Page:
The Great Books

As I've gotten older, I've come to realize that there is a gaping hole in my education when it comes to the great works of literature. This isn't a condemnation of my average public school upbringing, which did as well as any to try and teach some of the classics. Nor is it a condemnation of my Computer Science degree in college, which clearly isn't designed to teach literature. This isn't a condemnation at all, rather a realization that in the grand landscape of a lifelong learner, which I consider myself to be, that most of the burden to be educated is on me, and that there are some written works that are more important than others.

Most of us have heard the names of Homer and Plato, Kant and Kierkegaard, Marx and Dostoyevsky. We may even be able to place them at a high level in the grand scheme of human history. But how many of us have wrestled with their texts? How many of us understand how each one builds upon the next, sometime in augmentation, sometimes in refutation?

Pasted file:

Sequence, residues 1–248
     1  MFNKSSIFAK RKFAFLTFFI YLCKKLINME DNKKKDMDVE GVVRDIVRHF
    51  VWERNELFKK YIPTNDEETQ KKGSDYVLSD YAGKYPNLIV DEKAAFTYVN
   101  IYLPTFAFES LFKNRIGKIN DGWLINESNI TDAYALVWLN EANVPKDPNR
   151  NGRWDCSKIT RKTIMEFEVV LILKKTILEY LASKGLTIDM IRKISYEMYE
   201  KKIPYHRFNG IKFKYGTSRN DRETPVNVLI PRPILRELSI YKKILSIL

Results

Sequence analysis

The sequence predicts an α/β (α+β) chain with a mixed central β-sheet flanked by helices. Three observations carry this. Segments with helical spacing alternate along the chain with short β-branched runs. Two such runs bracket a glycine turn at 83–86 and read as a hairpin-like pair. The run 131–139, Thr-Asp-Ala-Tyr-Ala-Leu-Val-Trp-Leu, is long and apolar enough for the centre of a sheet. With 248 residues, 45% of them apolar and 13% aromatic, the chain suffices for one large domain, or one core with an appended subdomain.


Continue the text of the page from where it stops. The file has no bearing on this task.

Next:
It wasn't until I heard of St. Johns College and its philosophy of education that it even struck me that I had many years of education and yet was lacking learning most of the foundation of western thought. I fell in love with the idea of starting from the beginning and working my way through the great books.

So here I am - starting from the beginning, working my way through. The time has passed when I can spend four years as an undergraduate discussing the great texts around a table with a master and a bunch of apprentices. But, I'm doing the best I can, on my own, as a working father.

It's going to take me a decade.

Here's how I'm approaching the learning: